Juno actor Elliot Page, who was previously known as Ellen Page, recently declared himself as a transgender on a social media post. She had expressed her gratitude for supporters in the transgender community for helping her to find her authentic self. The writer of the film Aligarh Apurva Asrani recalls meeting him at his Mumbai home a few years ago.
After Elliot took to Twitter and shared a long post declaring himself as transgender, several Hollywood stars, like Hugh Jackman to Mark Ruffalo, James Gunn to Ian McKellen, Ellen DeGeneres, Miley Cyrus and many others sent him their best wishes.
As stated by Spotboye, Apurva Asrani had a long conversation with Elliot Page regarding the state of India’s LGBTQ situation. Both also talked about the archaic Article 377 which was still in force back then. During the conversation, the Juno star also appreciated the filmmaker for being an uncloseted homosexual in spite of 377 was in place.
Recalling the conversation with Elliot Page, Apurva Asrani told the publication, “He was very happy to see my partner and I celebrating the day with our parents and was trying to understand how we could be so open when the law was against us.”
As per the report, the director also praised Elliot’s nature and said, “What struck me was how down-to-earth and simple Elliot was. He didn’t demand special attention, dressed simply and talked to everyone sincerely. He even brought presents for my pet Doobie.”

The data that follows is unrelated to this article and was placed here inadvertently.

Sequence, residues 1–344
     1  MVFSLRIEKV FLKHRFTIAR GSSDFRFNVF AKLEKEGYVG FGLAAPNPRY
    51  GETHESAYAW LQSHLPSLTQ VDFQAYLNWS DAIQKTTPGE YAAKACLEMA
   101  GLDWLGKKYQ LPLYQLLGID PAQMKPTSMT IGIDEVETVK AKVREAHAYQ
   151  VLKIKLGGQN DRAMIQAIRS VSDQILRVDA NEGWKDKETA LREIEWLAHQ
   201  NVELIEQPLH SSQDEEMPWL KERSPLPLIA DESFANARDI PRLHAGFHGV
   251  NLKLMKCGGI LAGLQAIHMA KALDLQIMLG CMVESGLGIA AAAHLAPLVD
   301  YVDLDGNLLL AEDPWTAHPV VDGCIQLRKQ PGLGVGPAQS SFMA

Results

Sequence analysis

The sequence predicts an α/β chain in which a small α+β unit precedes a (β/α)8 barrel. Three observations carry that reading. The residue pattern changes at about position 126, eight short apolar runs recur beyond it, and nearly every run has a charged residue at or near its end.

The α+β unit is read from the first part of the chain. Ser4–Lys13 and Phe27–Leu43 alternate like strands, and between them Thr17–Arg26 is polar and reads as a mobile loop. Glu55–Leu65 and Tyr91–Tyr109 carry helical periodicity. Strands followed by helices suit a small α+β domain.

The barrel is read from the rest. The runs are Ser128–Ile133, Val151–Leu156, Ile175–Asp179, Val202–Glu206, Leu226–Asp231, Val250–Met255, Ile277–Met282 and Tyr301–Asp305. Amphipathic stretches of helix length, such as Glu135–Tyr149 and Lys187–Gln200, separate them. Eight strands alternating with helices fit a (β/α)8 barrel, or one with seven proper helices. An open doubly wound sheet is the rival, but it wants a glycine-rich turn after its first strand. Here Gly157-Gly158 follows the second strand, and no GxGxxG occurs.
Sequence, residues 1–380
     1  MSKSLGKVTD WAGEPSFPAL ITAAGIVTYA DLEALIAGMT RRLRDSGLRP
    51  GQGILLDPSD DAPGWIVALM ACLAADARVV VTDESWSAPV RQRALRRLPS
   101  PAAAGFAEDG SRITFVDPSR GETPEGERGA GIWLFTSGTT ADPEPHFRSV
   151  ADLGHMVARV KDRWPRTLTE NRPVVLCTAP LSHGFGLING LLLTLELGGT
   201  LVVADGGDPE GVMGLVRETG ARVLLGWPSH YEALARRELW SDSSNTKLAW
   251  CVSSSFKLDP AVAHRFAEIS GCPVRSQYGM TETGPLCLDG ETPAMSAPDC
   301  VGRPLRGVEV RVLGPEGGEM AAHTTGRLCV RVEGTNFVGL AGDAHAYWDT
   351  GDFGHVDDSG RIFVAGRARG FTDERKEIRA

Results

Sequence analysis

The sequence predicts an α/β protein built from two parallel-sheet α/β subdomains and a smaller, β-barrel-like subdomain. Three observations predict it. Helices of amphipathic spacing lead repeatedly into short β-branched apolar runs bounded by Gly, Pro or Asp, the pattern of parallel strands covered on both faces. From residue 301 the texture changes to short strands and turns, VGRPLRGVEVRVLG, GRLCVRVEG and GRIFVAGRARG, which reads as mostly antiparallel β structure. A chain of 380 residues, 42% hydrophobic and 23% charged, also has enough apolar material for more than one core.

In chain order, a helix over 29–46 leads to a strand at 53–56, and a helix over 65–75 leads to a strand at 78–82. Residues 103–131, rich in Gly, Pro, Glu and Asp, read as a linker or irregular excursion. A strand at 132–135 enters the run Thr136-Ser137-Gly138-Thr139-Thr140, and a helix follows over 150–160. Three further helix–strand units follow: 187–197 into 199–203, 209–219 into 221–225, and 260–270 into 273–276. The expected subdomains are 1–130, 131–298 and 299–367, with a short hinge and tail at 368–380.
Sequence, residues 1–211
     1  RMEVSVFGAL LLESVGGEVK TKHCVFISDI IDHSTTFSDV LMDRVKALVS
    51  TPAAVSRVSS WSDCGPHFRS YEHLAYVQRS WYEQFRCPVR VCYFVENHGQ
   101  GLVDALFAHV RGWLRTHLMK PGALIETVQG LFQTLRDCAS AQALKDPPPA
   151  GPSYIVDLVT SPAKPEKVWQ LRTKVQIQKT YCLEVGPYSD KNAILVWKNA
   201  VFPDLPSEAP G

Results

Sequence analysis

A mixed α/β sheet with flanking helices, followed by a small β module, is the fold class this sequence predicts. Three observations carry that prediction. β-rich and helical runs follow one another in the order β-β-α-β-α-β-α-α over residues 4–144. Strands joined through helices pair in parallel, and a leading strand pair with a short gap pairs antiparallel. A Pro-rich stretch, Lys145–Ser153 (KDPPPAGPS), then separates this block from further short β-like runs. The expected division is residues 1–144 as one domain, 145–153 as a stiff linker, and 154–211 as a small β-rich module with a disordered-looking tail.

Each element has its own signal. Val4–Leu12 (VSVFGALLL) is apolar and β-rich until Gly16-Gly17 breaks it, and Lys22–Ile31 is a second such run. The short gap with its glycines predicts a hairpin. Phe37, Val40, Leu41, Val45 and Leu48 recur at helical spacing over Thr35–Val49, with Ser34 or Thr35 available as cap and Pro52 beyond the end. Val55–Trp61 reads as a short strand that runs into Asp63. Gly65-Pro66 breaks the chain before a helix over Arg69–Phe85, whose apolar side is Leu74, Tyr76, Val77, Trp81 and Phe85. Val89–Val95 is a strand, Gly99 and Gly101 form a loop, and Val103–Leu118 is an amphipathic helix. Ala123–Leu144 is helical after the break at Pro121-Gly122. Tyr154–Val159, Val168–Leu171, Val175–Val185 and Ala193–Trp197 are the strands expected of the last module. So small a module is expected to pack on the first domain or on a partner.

The national-award-winning filmmaker also talked about LGBTQ situation prevailing in the film industry with the publication in 2016. He said, “Our film industry like most movie industries in the world employs a sizable number of gay and bisexual men & women. Some of these filmmakers, actors and technicians are known for their attention to detail, while others create dynamic female characters. Many do song and dance with great aplomb.”
Apurva further said, “While all of this is wonderful, it has a flip side. Owing to outdated ideas of morality, and also criminalizing of same-sex unions, most of our filmy gay folk are closeted. Some get married early and avoid questions; others stay single but create smokescreens from time to time, always worrying that they will get ‘exposed’.”
Apurva Asrani continuing on the subject also explained, “This gives rise to a kind of homophobia, whereas they will not associate openly with an ‘out’ gay person for fear of being discovered by association. This also ensures that they create gay characters in films that either ridicule themselves or are there only for villainous purposes. This continues the vicious cycle of homophobia in society.”